print("-" * 90)
for f in [optim1, optim2, optim3]:
t1 = time.clock()
s, u = f(a)
t2 = time.clock()
print("%s %10.3f %10d  %s" % (f.__name__, 1000 * (t2 - t1), s, u))
print()

Output (timings are in milliseconds)

[1, 5, 25, 30, 100, 70, 2, 1, 100, 250, 1, 1000, 2]

function     time       cost   parens
------------------------------------------------------------------------------------------
optim1    838.636      38120   [[[[[[[[0, 1], 2], 3], 4], 5], 6], [7, [8, 9]]], [10, 11]]
optim2     80.628      38120   [[[[[[[[0, 1], 2], 3], 4], 5], 6], [7, [8, 9]]], [10, 11]]
optim3      0.373      38120   [[[[[[[[0, 1], 2], 3], 4], 5], 6], [7, [8, 9]]], [10, 11]]

[1000, 1, 500, 12, 1, 700, 2500, 3, 2, 5, 14, 10]

function     time       cost   parens
------------------------------------------------------------------------------------------
optim1    223.186    1773740   [0, [[[[[[1, 2], 3], [[[4, 5], 6], 7]], 8], 9], 10]]
optim2     27.660    1773740   [0, [[[[[[1, 2], 3], [[[4, 5], 6], 7]], 8], 9], 10]]
optim3      0.307    1773740   [0, [[[[[[1, 2], 3], [[[4, 5], 6], 7]], 8], 9], 10]]

A mean on 1000 loops to get a better precision on the optim3, yields respectively 0.365 ms and 0.287 ms.

Iterative solution[edit]

In the previous solution, memoization is done blindly with a dictionary. However, we need to compute the optimal products for all sublists. A sublist is described by its first index and length (resp. i and j+1 in the following function), hence the set of all sublists can be descibed by the indices of elements in a triangular array u. We first fill the "solution" (there is no product) for sublists of length 1 (u[0]), then for each successive length we optimize using what when know about smaller sublists. Instead of keeping track of the optimal solutions, the single needed one is computed in the end.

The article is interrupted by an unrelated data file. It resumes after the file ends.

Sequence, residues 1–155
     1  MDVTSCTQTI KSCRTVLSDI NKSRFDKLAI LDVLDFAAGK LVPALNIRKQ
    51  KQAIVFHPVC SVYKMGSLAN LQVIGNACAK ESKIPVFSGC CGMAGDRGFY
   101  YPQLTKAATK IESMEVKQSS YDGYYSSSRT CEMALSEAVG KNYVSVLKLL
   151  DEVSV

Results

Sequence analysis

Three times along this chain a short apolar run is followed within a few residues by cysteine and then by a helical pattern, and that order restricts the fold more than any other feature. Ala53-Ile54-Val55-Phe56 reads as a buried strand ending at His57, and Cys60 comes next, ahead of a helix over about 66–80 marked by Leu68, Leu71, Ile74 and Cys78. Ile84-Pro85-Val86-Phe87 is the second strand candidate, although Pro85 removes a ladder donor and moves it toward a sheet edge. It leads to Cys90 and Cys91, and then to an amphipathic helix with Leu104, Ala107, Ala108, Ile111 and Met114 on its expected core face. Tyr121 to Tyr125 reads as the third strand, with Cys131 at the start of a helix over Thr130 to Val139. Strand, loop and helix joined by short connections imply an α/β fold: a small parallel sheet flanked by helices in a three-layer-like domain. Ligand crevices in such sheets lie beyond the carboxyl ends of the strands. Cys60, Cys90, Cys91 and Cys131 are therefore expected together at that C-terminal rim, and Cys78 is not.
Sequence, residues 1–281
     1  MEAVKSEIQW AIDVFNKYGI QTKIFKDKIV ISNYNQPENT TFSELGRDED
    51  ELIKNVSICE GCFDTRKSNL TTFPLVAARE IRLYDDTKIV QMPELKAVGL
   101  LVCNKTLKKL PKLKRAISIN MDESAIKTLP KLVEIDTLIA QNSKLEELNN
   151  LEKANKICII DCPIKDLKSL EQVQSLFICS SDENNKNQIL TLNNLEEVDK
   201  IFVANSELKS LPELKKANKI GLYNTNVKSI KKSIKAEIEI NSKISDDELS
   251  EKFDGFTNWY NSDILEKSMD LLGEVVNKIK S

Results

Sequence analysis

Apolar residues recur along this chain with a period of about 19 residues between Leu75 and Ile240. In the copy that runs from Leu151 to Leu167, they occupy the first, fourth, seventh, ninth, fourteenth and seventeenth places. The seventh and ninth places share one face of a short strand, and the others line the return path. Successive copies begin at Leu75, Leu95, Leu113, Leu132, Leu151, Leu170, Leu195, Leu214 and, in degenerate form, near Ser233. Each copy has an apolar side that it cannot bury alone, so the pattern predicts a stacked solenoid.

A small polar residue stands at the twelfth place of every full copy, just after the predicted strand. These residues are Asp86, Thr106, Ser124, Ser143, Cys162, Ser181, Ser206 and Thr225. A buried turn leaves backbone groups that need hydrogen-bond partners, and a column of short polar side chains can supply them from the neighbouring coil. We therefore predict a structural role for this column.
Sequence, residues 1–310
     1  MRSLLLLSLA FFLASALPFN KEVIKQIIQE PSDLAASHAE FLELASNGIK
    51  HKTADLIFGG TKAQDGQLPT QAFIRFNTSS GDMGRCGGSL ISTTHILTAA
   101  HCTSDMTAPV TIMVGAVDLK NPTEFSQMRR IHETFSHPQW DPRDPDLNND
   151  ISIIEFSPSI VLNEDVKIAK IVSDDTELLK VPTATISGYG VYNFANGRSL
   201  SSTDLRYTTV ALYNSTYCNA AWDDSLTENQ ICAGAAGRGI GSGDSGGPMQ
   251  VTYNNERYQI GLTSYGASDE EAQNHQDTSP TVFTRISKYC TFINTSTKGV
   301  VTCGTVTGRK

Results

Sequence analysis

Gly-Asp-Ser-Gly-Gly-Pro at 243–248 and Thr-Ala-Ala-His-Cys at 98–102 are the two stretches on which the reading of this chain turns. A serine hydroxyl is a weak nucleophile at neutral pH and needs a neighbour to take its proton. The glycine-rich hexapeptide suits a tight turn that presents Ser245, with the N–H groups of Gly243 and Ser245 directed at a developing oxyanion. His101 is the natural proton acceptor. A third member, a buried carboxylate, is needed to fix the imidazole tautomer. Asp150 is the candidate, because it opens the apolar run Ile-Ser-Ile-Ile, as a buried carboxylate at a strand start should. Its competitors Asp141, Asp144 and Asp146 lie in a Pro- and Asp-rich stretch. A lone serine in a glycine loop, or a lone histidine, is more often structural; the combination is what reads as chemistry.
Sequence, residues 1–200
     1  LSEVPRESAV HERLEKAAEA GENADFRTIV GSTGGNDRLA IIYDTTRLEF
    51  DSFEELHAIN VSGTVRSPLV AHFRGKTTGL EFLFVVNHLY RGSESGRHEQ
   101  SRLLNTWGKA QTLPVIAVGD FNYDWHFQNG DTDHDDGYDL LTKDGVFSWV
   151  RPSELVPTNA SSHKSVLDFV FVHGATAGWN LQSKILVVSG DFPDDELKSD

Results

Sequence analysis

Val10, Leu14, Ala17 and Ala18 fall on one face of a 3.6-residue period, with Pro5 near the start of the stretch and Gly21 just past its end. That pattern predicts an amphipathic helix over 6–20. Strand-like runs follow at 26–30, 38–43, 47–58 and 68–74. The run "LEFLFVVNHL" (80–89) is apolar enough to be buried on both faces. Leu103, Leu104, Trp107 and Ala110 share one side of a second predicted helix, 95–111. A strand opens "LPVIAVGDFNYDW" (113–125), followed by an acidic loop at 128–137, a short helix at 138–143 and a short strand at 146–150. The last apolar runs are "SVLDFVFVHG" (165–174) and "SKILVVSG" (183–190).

def optim4(a):
global u
n = len(a) - 1
u = [None] * n
u[0] = [[None, 0]] * n
for j in range(1, n):
v = [None] * (n - j)
for i in range(n - j):
m = None
for k in range(j):
s1, c1 = u[k][i]
s2, c2 = u[j - k - 1][i + k + 1]
c = c1 + c2 + a[i] * a[i + k + 1] * a[i + j + 1]
if m is None or c < m:
s = k
m = c
v[i] = [s, m]
u[j] = v
def aux(i, j):
s, c = u[j][i]
if s is None:
return i
else:
return [aux(i, s), aux(i + s + 1, j - s - 1)]
return u[n - 1][0][1], aux(0, n - 1)
 
 
print(optim4([1, 5, 25, 30, 100, 70, 2, 1, 100, 250, 1, 1000, 2]))
print(optim4([1000, 1, 500, 12, 1, 700, 2500, 3, 2, 5, 14, 10]))

Output

(38120, [[[[[[[[0, 1], 2], 3], 4], 5], 6], [7, [8, 9]]], [10, 11]])
(1773740, [0, [[[[[[1, 2], 3], [[[4, 5], 6], 7]], 8], 9], 10]])

Stata[edit]

Recursive solution[edit]

Translation of: Python

Here is the equivalent of optim3 in Python's solution. Memoization is done with an associative array. Multiple results are returned in a structure. The same effect as optim2 can be achieved by removing the asarray machinery.

mata
struct ans {
real scalar p,q,s
string scalar u
}
 
struct ans scalar function aux(n,k) {
external dim,opt
struct ans scalar r,r1,r2
real scalar s,i
 
if (n==1) {
r.p = dim[k]
r.q = dim[k+1]
r.s = 0
r.u = strofreal(k)
return(r)
} else if (n==2) {
r.p = dim[k]
r.q = dim[k+2]
r.s = r.p*r.q*dim[k+1]
r.u = sprintf("(%f*%f)",k,k+1)
return(r)
} else if (asarray_contains(opt,(n,k))) {
return(asarray(opt,(n,k)))
} else {
r.p = dim[k]
r.q = dim[k+n]
r.s = .
for (i=1; i<n; i++) {
r1 = aux(i,k)